Planning a wedding is stressful enough without having to figure out the difference between a boutonnière and a buttonhole (hint: there is none), or a trailing and a teardrop bouquet. To simplify things, we’ve created a glossary with all the terms you might hear or read in your research and wedding flower planning.
Our guide is rather extensive, there is no need to remember everything on the list. Often more than not your florist will understand what you mean from a general description. And of course, if you’ve come across a term that’s not on the list please leave a comment and we will define it for you and add it to the list.
Aisle: A path between rows of chairs/pews wide enough to allow to people to walk down with space beside them. This is typically the path the bride will walk down to her groom and may be decorated with petals or carpet.
Altar Flowers: These refer to the flowers that sit at the front of the ceremony, where the altar is in the church. The most common Altar Flowers are two feature arrangements, usually on an urn and pedestal, that sit either side of the Altar.
Ballerina Bouquet: A small round posy-style bouquet consisting of a few flowers and a mass of tulle edging around the centre flowers.
Basket Bouquet: Or Basket Flowers. An arrangement of flowers that sit in a shallow basket, a popular item for flower girls.
Biedermeier: A European influenced bouquet is a tightly arranged round bouquet consisting of concentric circles of various differently coloured flowers.
Bloom: Refers to a single flower, particularly the head of the flower. However when used as a verb, eg. the Peonies will bloom in late October, it means the plant will begin flowering at that time.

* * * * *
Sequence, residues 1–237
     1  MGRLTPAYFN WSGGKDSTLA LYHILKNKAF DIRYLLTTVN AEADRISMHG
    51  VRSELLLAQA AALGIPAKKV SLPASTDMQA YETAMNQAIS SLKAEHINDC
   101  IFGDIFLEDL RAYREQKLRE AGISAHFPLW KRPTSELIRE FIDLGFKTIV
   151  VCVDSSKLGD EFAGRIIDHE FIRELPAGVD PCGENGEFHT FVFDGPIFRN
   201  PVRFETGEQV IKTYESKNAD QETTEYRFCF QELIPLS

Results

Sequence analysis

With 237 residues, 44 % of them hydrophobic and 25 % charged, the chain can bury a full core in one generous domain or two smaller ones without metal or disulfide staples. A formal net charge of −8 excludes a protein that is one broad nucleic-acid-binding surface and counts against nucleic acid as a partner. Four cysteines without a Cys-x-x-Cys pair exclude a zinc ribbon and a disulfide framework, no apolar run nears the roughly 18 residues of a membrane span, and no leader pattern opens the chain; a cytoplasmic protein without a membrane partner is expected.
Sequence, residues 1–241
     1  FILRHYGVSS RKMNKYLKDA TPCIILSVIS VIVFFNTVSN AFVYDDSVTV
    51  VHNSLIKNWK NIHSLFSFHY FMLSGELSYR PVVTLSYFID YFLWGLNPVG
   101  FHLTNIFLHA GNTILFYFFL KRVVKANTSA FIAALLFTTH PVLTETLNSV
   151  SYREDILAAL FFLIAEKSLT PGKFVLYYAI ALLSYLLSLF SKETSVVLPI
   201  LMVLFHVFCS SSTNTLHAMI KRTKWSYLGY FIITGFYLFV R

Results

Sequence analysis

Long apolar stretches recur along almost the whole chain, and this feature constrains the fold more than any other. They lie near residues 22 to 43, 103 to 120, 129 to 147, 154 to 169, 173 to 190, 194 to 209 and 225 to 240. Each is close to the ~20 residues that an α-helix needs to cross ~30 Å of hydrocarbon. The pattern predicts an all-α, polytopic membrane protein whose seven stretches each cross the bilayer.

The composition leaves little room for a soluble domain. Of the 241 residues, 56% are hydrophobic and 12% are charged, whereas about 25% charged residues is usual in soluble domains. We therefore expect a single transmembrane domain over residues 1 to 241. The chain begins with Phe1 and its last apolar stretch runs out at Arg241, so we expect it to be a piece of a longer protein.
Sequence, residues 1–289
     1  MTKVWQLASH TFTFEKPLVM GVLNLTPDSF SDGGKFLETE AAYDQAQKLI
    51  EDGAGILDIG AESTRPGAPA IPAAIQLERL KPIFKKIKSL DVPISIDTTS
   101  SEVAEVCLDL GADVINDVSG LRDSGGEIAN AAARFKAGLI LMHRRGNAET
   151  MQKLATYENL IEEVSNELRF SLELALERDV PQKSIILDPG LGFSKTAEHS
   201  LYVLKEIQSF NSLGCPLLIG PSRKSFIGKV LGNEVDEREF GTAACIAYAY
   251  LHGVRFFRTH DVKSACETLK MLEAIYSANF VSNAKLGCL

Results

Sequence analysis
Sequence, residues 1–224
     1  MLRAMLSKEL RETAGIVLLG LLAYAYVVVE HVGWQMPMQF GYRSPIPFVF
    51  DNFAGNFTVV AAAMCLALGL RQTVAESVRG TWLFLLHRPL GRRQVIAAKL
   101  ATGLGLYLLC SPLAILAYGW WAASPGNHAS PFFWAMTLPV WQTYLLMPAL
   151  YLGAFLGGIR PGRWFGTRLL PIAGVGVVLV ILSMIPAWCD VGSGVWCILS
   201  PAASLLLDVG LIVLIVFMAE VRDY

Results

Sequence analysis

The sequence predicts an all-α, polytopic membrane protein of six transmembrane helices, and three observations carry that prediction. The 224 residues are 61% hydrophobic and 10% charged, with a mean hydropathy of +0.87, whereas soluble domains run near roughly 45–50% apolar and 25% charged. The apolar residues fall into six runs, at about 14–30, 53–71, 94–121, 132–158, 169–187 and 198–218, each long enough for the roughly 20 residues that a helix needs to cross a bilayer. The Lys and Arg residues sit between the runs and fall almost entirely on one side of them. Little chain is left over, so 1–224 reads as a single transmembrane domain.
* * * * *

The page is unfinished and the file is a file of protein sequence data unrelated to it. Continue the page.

Bomboniere: Also known as favours, these are small gifts given to wedding guests, often left on your guests table at the reception. They are often personalised, a souvenir of sorts from the wedding.
Boutonnière: The French word for Buttonhole. See Buttonhole.
Bouquet: An arrangement of flowers carried by the bride, bridesmaids and/or flower girls. There are different types of bouquets the most common being a Round Posy or Nosegay.
Bouquet preservation: A technique in which bouquets are preserved so that brides may keep their flowers as a keepsake after the wedding. There are different preservation techniques (such as silicon or freeze drying), which keep the original flowers shape and colour as closely as possible.
Break-apart throw bouquet: See Throw Bouquet. A break-apart bouquet is designed to look like a throw bouquet but will unravel into smaller clusters of flowers when tossed to allow more than one person to catch the bouquet.
Buttonhole: A floral decoration worn on the lapel of a man’s blazer. Most commonly worn by the Groom, Groomsmen and the Father’s of the Bride and Groom.
Cake Flowers (Cake Toppers): These are the fresh flowers that sit atop a cake and sometimes throughout the tiers of the cake. Sometimes these flowers are wired, it is however best to consult you baker first and ask about the types of flowers they would need. It is also best not to leave cake flowers all day on your cake as they wilt, so having cake flowers put on the cake closer to the ceremony is recommended.